Tri Words: triact to tricycle,
Part 1 of 4
Words that include: tri- (Greek > Latin: three, thrice, threefold; a number used as a prefix)
triact, triactinal, triactine:
Having three rays; said of a sponge-spicule.
1. A group or set of three (persons, things, words, attributes, etc.); three collectively or in connexion.
2. Applied to the Trinity.
3. A group of three associated or correlated deities, beings, or powers.
4. A set of three things; especially, in geometry, of three points.
5. A union or conjunction of three; a group or class of three closely associated persons or things.
In biology, a reference to stamens that are united by their filaments into three bundles; of a plant having the stamens so united.
triage [tree AHZH]:
This word is here only because it should be known that it now has nothing to do with tri, three.
This word refers to an act of sorting according to kind and quality. It is from Old French trier, to pick, sift, or cull. In World War I, triage was adopted as a military term for the sorting of wounded soldiers into three groups according to the urgency of their injuries on the basis of urgency, chance for survival, etc. By 1974, this usage was extended to refer to any system of allocating limited resources according to urgency or expediency, as in the distribution of food during a famine.
Triage now refers to the screening and classification of wounded, sick, or injured patients during war or another disaster to determine priority needs and thereby ensure the most efficient use of medical and surgical manpower, equipment, and facilities. Triage was often heard on the radio during the first few days following the destruction of the Twin Towers of the World Trade Center in New York on Tuesday, September 11, 2001.
A colloquy (a conversation, especially a formal one) among three people.
Having three stamens.
1. A figure (usually, a plane rectilineal figure) having three angles and three sides.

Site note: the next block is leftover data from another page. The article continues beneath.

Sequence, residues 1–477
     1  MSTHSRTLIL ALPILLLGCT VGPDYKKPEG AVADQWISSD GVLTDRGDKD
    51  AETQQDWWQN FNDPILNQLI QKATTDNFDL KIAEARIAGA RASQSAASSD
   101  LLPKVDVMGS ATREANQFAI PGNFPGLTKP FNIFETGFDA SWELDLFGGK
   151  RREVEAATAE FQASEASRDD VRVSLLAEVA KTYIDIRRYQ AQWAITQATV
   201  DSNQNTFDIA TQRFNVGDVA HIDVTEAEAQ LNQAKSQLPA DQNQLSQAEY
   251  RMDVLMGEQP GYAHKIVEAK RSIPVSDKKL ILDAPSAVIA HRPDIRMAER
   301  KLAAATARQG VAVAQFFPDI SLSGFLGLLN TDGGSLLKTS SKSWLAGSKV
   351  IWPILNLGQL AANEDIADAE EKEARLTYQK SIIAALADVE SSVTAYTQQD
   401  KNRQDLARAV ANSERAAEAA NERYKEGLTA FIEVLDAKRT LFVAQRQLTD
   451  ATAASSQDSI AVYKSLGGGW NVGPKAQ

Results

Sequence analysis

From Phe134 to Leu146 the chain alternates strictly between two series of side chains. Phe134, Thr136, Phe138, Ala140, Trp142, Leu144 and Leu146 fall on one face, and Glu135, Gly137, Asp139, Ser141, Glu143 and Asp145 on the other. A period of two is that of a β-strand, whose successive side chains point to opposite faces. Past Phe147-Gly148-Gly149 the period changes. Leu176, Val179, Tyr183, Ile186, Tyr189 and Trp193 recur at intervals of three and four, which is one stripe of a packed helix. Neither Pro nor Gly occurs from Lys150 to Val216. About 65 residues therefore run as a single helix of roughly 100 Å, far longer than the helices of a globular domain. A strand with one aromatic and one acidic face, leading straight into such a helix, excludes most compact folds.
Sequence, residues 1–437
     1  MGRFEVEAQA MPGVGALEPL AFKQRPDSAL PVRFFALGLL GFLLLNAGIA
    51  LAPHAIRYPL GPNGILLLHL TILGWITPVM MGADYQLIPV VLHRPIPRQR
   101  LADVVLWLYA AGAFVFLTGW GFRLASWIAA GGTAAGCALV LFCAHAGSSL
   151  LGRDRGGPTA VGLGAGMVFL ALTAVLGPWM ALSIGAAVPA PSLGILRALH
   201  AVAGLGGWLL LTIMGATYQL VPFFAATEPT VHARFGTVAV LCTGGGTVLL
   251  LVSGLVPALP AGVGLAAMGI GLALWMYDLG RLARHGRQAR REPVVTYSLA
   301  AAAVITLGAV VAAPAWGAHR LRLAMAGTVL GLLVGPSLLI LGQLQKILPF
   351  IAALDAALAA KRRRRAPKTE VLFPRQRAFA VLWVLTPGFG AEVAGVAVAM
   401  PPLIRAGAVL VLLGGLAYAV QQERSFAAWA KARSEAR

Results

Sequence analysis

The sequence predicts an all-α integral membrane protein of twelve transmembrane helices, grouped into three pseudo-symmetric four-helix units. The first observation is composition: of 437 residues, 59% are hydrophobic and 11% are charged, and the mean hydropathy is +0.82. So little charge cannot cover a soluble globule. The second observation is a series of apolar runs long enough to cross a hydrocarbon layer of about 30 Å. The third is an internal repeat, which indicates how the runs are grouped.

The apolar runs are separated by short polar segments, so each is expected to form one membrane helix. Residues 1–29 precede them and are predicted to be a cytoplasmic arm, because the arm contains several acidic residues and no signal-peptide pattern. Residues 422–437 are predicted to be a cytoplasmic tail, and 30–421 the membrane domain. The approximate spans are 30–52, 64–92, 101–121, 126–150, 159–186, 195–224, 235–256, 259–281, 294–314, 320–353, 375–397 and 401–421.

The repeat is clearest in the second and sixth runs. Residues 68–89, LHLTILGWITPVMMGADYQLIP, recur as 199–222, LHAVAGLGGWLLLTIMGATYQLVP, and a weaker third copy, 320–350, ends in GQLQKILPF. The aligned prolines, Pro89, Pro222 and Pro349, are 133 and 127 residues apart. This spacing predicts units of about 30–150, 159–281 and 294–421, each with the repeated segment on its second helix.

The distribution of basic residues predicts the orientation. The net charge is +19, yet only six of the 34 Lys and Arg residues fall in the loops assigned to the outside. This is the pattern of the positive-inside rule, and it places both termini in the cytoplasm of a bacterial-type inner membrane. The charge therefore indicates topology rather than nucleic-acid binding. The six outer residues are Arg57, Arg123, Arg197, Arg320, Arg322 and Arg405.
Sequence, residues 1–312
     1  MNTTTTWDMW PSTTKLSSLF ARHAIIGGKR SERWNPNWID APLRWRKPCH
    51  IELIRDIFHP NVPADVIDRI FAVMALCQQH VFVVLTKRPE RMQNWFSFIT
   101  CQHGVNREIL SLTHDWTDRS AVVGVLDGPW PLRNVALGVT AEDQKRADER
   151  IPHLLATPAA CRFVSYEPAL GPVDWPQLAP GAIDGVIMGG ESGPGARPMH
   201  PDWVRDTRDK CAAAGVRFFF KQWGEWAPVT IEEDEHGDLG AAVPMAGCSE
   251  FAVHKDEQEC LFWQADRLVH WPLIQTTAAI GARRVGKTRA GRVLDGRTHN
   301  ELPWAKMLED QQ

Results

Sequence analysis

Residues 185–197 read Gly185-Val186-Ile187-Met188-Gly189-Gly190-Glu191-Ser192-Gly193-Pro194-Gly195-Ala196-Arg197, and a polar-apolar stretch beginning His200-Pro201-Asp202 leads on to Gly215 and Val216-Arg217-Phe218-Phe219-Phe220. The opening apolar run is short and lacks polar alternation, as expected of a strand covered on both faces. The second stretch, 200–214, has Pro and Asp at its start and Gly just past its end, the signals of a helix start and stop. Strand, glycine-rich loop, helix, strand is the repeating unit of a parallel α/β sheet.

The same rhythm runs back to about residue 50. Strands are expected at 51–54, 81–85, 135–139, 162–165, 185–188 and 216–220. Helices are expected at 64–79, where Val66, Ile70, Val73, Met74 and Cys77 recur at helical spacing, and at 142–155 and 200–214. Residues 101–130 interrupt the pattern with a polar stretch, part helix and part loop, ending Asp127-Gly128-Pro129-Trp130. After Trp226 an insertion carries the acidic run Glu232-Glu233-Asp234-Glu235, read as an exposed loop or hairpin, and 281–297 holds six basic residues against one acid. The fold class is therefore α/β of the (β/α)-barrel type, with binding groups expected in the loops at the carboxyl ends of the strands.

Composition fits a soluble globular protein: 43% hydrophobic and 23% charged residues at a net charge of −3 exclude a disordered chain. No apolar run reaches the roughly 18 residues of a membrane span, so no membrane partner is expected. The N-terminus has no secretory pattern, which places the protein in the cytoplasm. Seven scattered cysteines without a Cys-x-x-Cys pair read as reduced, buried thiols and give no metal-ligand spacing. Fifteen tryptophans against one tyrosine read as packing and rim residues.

2. A group or set of three, a triad; especially, a love-relationship in which one member of a married couple is involved with a third party; frequently referred to as the eternal triangle.
3. Something having the form of a triangle; any three-cornered body, object, or space.
A muscle of the chin.
An ancient constellation shaped like an equilateral triangle.
1. Occurring every three years; lasting for three years; equal to triennial.
2. Occurring three times a year.
Having three flowers.
Having three apses, as most Greek churches.
The ruler of one of three divisions of a country or territory.
1. The government or jurisdiction of a triarch; one of three divisions of a country ruled by triarchs.
2. Government by three rulers or powers jointly; three persons associated in government, a triumvirate.
3. A group of three districts or divisions of a country each under its own ruler.
In geology, the lowest of three major divisions of fossiliferous rocks which together make up the Mesozoic or Secondary series, namely: Triassic; Jurassic; and Cretaceous. It lies above the Permian and below the Jurassic.
1. An athletic or sporting contest composed of three different events.
2. An intense endurance competition in which all participants must complete an ocean swim, a bicycle ride, and a long-distance run.
The condition of having three arms.
A figure or utensil with three arms, especially a three-branched flint.
A deformed fetus, usually conjoined twins, having three arms.
In botany, having three bracts.
A reference to a legislature composed of three chambers.
A space of a hundred years.
1. Three-headed; specifically, of a muscle having three heads or points of origin.
2. A triceps muscle; specifically, that of the thigh and of the upper arm.
A genus of gigantic predentate dinosaurs of the family Ceratopsidae, having a strong nasal horn, besides two large pointed horns above the eyes; found in the Laramie beds of the United States.
A candlestick with three lights, symbolizing the Trinity and used by Greek bishops blessing people.
Division into three parts, especially (in theology) the division of human nature into body (soma), soul (psyche), and spirit (pneuma).
The property of some crystals of exhibiting different colors in three different directions when viewed by transmitted light.
Characterized by three colors, especially having the three fundamental color sensation of red, green, and violet of the normal eye.
The ability to see three primary colors.
Having three waves or elevations to one beat of the pulse.
The condition of having three waves, a reference to the pulse.
In ancient Rome, a diningroom with three couches, one at each of three sides of a rectangular table, the fourth side left open for access by servnts.
The red, white, and blue flag of France, representing the white of the Bourbons, and the blue and red of the city of Paris; adopted by Louis XVI at the Hotel de Ville, July 17, 1789, as the national symbol of the country.
1. Having three horns or horn-like parts.
2. A hat with three points formed by turning the brim upward to the crown on three sides.
An organ or a part, especially a tooth, having three cusps (points).
1. A velocipede with three wheels, one in the front and two in the rear.
2. A vehicle, used especially now by small children, that has three wheels, one at the front and two a the back, and is usually propelled by pedals.